Updated Hosting biz Digital Ocean kicked off its seventh Hacktoberfest on Thursday – and managed to seriously annoy the very developers the event aims to celebrate.
Launched in 2014, Hacktoberfest was founded to inspire people to get involved with the development of open-source software. It attempts to do so by encouraging programmers to submit quality pull requests to open-source repositories on GitHub with the promise of a free t-shirt in return.
The event has proven to be extremely popular though it hasn't done anything for the quality of the contributions. Between the lure of swag and the reputational reward one gets from social interaction metrics on GitHub for any kind of activity, there's not much that ensures contributions are meaningful.
The result has been a deluge of spam that burdens already put-upon developers who maintain projects, often without much in the way of compensation or recognition.
A pull request is a proposed code change, a text-based message posted to a code repository. The maintainers of the repo have to deal with those messages, which involves reading them and either accepting or rejecting them. And that takes time. Perhaps unsurprisingly, it turns out that urging people to suggest code changes when they haven't necessarily identified needed improvements is a recipe for frivolous submissions.
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In a blog post on Wednesday, Domenic Denicola, a senior software engineer at Google who contributes to various open source projects, lambasted Hacktoberfest for promoting what he describes as "a corporate-sponsored distributed denial of service attack against the open source maintainer community."
Denicola said that in one day, before the event had even officially begun, he and his fellow maintainers of the Web Hypertext Application Technology Working Group (WHATWG) HTML repository had closed 11 spam pull requests.
"Each of these generates notifications, often email, to the 485 watchers of the repository," he explained. "And each of them requires maintainer time to visit the pull request page, evaluate its spamminess, close it, tag it as spam, lock the thread to prevent further spam comments, and then report the spammer to GitHub in the hopes of stopping their time-wasting rampage."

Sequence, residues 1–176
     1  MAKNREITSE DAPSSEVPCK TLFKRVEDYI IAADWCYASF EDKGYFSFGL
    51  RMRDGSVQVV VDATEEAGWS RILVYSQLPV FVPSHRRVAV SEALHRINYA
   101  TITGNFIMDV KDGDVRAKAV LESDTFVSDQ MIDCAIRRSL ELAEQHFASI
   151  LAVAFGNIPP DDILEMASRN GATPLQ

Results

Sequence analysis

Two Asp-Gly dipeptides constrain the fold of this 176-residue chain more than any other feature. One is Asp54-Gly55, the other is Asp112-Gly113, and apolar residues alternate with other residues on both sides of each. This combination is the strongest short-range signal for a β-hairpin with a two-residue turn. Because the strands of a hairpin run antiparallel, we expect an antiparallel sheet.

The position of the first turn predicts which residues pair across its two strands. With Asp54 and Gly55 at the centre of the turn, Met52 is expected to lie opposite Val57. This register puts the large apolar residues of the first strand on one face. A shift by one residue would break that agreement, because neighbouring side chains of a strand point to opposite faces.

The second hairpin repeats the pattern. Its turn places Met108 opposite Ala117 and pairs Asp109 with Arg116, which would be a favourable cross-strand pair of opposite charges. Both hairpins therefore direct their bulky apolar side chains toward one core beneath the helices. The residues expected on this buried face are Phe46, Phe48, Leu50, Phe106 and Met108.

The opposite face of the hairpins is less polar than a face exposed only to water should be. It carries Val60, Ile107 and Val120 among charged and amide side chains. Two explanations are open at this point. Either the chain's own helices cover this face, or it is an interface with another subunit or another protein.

Since then, the number of pull requests identified as spam has risen to 28. And that's just one repository.
Drew DeVault, a developer who maintains various open-source projects, said as much in a post on Thursday: "As I write this, a Digital Ocean-sponsored and GitHub-enabled Distributed Denial of Service (DDoS) attack is ongoing, wasting the time of thousands of free software maintainers with an onslaught of meaningless spam."
Digital Ocean is aware of the situation. Its Hacktoberfest FAQs go on at length about avoiding low-quality contributions. Nonetheless, people submit pointless pull requests, like adding punctuation to a README.md file.
Sick of people making utter useless PRs like adding 1 semi colon to Readme just for the sake of completing #Hacktoberfest challenge.— Kautuk (@Kautukkundan) October 1, 2020
If you're a repo maintainer, do them a favour and label the PR as "invalid" so that it doesn't count to the challenge. Support quality OSS. pic.twitter.com/PZcsg3Q2dd
The Hacktoberfest website has a section titled, "Let's work together to reduce spam," as if the open-source community should rally to solve a problem created by Digital Ocean.
The Register asked DigitalOcean to comment. No one has responded. And DigitalOcean community platform manager Matt Cowley suggested there's nothing the company can really do.